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Shai Ben-Shalom

Lindsay Foran

Jerry Golland

Seymour Mayne

Christal Steck

Doreen Taylor-Claxton

Nicola Vulpe

Betty Warrington-Kearsley

Erwin Wiens

Erwin Wiens

Erwin Wiens was born in Edmonton, and was schooled in Beamsville Ontario, The University of Waterloo, and most recently, the University of Ottawa. “Dirty Pockets” is forthcoming in Queen’s Quarterly.



Dirty Pockets

It happens often, when you’re just a boy.
You forget what’s in them. Unthinking,
you plunge your hand down and feel
something.
Then you remember.
You pull your hand out. Sticky.
Ugh.

When you’re only four feet tall
your pockets are close to the ground, so
dirt gets in,
also cookie crumbs, peanut shells,
the wad of chewing gum you were saving
for later.
Not to mention other treasures, some of them
unmentionable.

Like the butt of a cigarette you found,
and might try to smoke
when no one’s looking,
the robin’s egg you stole from the nest
just to be cruel,
or the dead mouse you planned to hide
in your sister’s shoe.

Normally they’re not a hindrance,
dirty pockets.
They don’t weigh you down, don’t impair
your balance, and make you stumble.
But even for a boy there comes a day
when they
become a burden.
 
Time to clean house. Turn the pockets inside out,
and give ’em a good shake.
There. Gone.
Now the boy can start all over
with clean pockets.
When he’s a grown man it won’t be that easy.
 



Role Playing

Take my dog, an eighty-pound
sentimental mutt.
She’s been walked, pooped and peed,
she’s taken inventory of the new day’s smells
and conferred a patronizing lick
on harried commuters,
who stopped to rub her ears.
Now she lies, nose nestled on crossed paws, inches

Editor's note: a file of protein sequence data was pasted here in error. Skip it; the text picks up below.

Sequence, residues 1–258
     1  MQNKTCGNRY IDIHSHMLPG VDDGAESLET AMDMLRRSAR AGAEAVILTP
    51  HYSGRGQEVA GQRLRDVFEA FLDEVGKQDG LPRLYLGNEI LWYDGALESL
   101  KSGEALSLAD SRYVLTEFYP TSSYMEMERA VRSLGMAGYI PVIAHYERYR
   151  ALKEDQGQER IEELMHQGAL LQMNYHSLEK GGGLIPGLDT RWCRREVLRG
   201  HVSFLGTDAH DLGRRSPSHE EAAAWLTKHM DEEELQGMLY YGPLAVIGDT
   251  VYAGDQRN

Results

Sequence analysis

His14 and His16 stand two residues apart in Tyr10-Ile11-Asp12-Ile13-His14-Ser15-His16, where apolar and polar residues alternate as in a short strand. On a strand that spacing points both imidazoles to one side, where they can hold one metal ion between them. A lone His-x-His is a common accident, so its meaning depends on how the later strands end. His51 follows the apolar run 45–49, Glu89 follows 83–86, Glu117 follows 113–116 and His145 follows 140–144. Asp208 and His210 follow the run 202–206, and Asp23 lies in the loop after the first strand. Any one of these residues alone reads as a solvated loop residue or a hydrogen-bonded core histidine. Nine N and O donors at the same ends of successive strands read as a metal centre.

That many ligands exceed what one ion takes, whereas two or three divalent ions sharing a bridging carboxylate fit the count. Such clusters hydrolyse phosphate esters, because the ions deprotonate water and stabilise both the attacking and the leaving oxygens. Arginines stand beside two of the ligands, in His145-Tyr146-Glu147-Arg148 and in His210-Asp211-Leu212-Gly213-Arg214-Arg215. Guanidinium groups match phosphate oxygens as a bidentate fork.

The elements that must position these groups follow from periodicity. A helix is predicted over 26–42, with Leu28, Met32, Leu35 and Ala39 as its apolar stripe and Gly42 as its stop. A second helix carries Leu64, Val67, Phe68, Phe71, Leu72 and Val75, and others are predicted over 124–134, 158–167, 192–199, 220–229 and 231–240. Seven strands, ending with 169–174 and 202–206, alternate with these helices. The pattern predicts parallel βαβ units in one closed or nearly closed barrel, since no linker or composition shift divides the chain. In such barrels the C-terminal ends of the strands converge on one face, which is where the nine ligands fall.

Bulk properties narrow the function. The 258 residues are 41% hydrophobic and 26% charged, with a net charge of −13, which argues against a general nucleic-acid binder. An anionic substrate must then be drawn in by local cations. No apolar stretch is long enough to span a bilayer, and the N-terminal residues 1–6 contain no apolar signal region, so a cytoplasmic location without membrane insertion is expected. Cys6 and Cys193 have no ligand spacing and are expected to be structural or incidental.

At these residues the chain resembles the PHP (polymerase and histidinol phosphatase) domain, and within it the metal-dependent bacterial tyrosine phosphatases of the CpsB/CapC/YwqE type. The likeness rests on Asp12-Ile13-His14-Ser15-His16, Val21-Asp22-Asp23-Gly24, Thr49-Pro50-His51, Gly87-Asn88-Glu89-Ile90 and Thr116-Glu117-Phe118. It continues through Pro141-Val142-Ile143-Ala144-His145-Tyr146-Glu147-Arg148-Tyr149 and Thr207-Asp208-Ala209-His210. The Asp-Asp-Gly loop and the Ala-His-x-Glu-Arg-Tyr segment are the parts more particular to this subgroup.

from the window pane
beside the door.
 
And he’s right on time. Brazen, in his blue cap and shirt.
Marches up the walkway, fumbles in his pouch
and pulls out a sheaf of letters and fliers. 
A low rumbling growl
but he pays no heed.
A volley of louder barks,
and still he comes.
Charges
up three stone steps, right to the door,
and jams his packet through the clattering slot.
 
She bounces up and down, pirouettes
and comes around snarling,
teeth bared.
But he’s already in retreat down
the stone steps, down the walkway. She lets him have
three more barks
just to be sure.
He veers right, and ducks
behind a neighbour’s hedge.
Works every time.

She yawns, stretches, and ambles to her bowl
for a few glubby gulps, then click-clicks
across the kitchen floor and collapses
with a self-satisfied groan.
 



Heavy Lifting

They start
before the first graying of dawn,
the darkest hour.

Thrushes, then jays, gulls, warblers,
and all fourteen varieties of sparrows,
a cacophony
of chirps and caws and incoherent trills.
And it works.
A crack opens at the edge of the earth
and the dark begins to pale.

And yes, there it is! A thin, shimmering arc,
breaching a gap in the red horizon.
Now sing, you feathered fools, sing, sing,
and louder sing for every fibre in your puny breasts.
Yes, yes, here it comes, the whole flaming orb
buoyed upon a wave of weightless song.

Now they can relax, and turn their minds
to worms and fuzzy things with seeds.